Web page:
Teachers at the Grantley Adams Memorial Secondary School say they will not be intimidated over any decision they take about where they buy lunch.
For the second day since vendors were banned from selling on the school property during lunchtime, the teachers made their way to the opposite side of the road to patronise the regular vendors, one of whom has sold at the school for close to 30 years.
Among the teachers was General Secretary of the Barbados Secondary Teachers’ Union Dawn Grosvenor who said, “I am just here to purchase lunch during my lunchtime. The vendors have been here since my father’s time and I will continue to patronize them,” she vowed.
She was accompanied by several teachers who selected lunch from Ms. B and her assistant Esther Murray. The former has been selling at the school for close to three decades.
The frustrated educators continue to stand their ground.
Once again, students at the rural school remained mute on the issue as the gates leading to the playing field, which would usually bring them closer to the vendors outside, remained locked.
As a result they could only watch from a safe distance as teachers made their purchases.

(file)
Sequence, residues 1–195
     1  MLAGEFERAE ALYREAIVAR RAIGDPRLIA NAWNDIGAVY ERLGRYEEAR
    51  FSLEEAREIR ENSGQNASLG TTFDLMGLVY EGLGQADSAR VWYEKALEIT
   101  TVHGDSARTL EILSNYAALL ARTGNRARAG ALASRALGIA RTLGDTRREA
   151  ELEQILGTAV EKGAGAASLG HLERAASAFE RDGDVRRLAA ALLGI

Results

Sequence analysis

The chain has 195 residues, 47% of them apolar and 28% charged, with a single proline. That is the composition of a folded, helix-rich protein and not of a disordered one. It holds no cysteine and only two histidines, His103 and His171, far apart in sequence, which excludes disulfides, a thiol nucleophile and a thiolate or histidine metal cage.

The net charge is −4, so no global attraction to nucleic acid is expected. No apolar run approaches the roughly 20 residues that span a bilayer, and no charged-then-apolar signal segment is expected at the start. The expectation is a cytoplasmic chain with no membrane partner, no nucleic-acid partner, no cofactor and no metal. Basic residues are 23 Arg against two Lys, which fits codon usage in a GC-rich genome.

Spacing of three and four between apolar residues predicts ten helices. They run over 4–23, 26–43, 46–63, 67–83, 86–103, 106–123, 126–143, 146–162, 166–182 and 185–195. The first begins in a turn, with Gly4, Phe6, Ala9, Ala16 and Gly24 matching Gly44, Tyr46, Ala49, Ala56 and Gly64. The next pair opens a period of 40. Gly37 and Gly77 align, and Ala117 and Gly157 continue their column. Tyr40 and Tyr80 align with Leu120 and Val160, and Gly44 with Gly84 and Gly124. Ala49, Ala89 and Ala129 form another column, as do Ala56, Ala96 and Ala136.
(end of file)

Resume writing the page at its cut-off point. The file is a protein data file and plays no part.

Backed by some of her colleagues, the BSTU executive member, Dawn Grosvenor also a teacher at the school told Barbados TODAY that teachers would not be intimidated.
Grosvenor said she was not “warned or told anything” by the school’s administration about patronizing vendors outside.
According to reports, last week teachers were warned that it was disrespectful for them to purchase items from vendors outside of the school and that they could be transferred if they did not comply.
When asked if teachers supported the stance taken by students last week, Grosvenor offered a “no comment”.
In a statement released last Friday, the ministry called for support from teachers, students, parents, media and the general public in its stance against lunchtime vending outside the school compound. It also called on parents, guardians and members of the public not to encourage students of any school to disregard the directives of schools’ administration.
When questioned on Monday about the decision to continue buying from the vendors, one teacher noted that they were men and women and as such, during their lunch break, they could purchase food from whomever they chose.